No one believes me and to be honest, I’m not surprised. There are so many conspiracies about him flying around that no one ever really knows the truth. You hear talk of him going nuts in the trailer, busting a leg then being shot or being moved around the country until it was safe to let him go unrecognised. But I know what really happened.
You hear of his great effort in the ’81 Epsom Derby. How he won by 10 lengths and was awarded European Horse of the Year. I was watching that at home at the time, lazing in the rickety chair while my Ma made potato cakes. I remember thinking about him, “That bay is something really special”. I may even have mumbled it out loud, as my Ma clipped me sharply and said, “Stop your chattering, Sean, and go outside and chop some logs.”
But that was three years ago and, as my Ma would say, a lot of water has passed under the bridge.
I still remember the night and what happened afterwards. No one in the hospital believes I stole Shergar. Often the boys in their crisp white coats will joke about it and call me Sean the Shergar Snaffler. Then they shake their heads and laugh, some stab their fingers at their temples and screw them around, making funny faces to suggest that I am crazy. But I’m not and I know the truth. And after I found out… it’s never been the same.
We stole him in the thick blanket darkness of that February night, when the horses whinny softly in their sleep. We, the five lads and me, we took the colt’s groom hostage. We barged through that door in our balaclavas. My insides glowed hot as the punk went white. “We want Shergar for £2 million ransom. Get your coat on. Move it.”
An hour later, the magnificent bay was loaded in the trailer, standing idly and breathing out steam as if nothing was happening. I pulled up the door chains and shoved the groom in the back of the car. We were away. After a while, we stopped and the growl of the engine vibrated my bones. “Keep walking. Don’t go back, don’t look back, just go.” I scrunched a piece of paper in his hands then threw the groom out onto the road.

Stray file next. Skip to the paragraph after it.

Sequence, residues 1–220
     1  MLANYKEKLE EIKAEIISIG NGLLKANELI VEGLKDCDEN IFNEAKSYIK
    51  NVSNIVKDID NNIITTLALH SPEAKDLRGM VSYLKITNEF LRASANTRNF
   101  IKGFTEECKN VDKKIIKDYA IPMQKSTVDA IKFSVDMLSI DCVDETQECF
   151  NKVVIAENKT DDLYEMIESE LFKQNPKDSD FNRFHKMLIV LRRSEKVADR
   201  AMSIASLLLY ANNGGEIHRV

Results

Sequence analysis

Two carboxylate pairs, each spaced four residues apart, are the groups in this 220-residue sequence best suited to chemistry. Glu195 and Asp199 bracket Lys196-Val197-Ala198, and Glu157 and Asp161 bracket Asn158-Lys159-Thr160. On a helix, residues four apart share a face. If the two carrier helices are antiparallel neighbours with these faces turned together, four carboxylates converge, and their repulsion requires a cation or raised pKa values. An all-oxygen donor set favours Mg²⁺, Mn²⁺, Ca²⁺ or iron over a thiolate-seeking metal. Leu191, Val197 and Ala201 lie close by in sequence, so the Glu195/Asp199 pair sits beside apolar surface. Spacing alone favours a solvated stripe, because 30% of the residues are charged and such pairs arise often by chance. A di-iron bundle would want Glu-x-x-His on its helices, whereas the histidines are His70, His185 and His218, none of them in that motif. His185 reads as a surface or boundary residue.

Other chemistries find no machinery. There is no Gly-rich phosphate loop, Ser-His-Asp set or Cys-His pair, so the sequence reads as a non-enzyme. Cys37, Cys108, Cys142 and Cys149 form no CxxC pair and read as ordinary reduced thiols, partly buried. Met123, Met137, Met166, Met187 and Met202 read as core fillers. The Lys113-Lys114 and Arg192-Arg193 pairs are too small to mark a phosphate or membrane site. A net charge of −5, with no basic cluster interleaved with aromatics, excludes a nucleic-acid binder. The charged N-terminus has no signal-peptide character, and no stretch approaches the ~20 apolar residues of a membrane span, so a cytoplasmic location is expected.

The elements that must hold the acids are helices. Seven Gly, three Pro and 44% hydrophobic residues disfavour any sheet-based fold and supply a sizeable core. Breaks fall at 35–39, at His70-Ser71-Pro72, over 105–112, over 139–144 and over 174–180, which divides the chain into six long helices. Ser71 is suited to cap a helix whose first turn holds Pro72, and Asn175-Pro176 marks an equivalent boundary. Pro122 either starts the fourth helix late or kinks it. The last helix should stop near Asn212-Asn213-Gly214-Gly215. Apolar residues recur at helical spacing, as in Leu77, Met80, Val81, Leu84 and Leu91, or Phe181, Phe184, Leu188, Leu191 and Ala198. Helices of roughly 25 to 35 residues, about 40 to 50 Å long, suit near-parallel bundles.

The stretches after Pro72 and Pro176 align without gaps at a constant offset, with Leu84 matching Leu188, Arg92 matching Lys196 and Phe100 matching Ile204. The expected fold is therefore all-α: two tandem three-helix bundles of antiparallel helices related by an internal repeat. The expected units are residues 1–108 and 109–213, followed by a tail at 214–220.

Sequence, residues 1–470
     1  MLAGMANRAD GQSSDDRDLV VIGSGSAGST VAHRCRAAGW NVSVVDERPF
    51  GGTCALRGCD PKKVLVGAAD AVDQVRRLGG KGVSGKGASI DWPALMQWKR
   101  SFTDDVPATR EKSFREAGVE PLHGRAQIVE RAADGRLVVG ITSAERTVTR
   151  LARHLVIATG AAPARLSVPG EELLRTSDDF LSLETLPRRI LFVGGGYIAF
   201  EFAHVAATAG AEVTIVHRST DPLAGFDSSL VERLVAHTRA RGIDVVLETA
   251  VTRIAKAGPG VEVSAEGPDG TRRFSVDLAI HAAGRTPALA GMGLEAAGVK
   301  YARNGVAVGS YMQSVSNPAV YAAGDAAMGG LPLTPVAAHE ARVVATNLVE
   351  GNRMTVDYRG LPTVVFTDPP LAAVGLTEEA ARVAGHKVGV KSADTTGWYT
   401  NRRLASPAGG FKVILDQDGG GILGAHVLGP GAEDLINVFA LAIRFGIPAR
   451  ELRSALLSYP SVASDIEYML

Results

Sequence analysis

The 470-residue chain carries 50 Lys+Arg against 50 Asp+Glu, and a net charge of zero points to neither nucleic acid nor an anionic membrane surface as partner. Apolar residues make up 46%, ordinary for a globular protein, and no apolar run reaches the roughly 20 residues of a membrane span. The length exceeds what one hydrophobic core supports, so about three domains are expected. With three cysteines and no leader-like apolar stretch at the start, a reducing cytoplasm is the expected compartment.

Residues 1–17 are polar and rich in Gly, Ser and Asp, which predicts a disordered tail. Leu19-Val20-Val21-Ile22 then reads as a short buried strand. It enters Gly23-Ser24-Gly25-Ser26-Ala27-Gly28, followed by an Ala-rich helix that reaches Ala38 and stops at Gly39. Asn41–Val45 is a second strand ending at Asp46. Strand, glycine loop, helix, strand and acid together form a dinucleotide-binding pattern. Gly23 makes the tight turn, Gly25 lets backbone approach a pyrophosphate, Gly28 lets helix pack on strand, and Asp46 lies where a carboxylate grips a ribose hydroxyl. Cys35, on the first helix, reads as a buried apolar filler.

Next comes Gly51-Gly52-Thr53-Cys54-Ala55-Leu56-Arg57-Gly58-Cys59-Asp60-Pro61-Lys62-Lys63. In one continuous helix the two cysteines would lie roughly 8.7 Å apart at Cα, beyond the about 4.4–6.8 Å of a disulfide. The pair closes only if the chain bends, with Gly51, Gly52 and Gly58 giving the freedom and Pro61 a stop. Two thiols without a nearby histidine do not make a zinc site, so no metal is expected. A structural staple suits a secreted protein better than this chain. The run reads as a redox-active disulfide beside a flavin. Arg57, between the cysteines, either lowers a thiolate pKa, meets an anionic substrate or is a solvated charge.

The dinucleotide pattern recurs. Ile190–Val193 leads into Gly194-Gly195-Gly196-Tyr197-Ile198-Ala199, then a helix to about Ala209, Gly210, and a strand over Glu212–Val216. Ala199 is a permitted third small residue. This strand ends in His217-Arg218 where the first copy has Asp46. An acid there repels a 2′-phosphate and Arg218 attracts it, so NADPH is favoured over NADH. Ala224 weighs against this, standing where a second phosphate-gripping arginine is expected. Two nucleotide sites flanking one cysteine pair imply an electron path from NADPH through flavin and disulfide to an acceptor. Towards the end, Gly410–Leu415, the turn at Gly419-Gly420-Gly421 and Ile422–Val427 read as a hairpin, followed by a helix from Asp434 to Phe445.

Money changed hands and that is all I knew. I received a thousand myself. It would keep my Ma in logs and potatoes for years to come. Then I started hearing things. Hearsay from the boys. Apparently, the Garda and suchlike were catching up, close to finding him and there was talk of someone turning the boys in. What I heard next is the start of how my life began to spiral out of control.
I found a note from the boys – they told me to come to where Shergar was being held. The note had something about ‘ending this façade for good’ scrawled on it but I didn’t notice it. We had him in the stall and out of those thirty lads, eight had guns. All were aimed at the colt. My ears still pop from the harsh racket of several monsters hammering their wrath into him. The image after I turned back is enough to make anyone sick: - his carcass was bloody and bullet riddled, his mouth hung open and his eyes were blasted pink…
Thirty years later I sit here in the rickety armchair. I am forty-nine now, losing a few teeth, but fond of watching the racing on the television. I put a bet on from time to time; - I like the bays myself, they bring me luck.
And that’s when the nightmares began.
At nights I sit bolt upright when the others are asleep, breathing in the smells of a small stall. I raise my eyes to the thunder of hooves in the black sky and I chill as I hear a distant whinny, and I look deep into calm liquid eyes of my accuser. The night air is cooling and the starless night seems even darker as the winding roads and green meadows are lost in the pitch and toss of my nightmare. Red-eyed gargoyles of men are standing in a line, jolting like marionettes …
I stole him, but no one believes an aging man who mumbles softly in his chair and rolls his eyes back in his head during the racing on TV.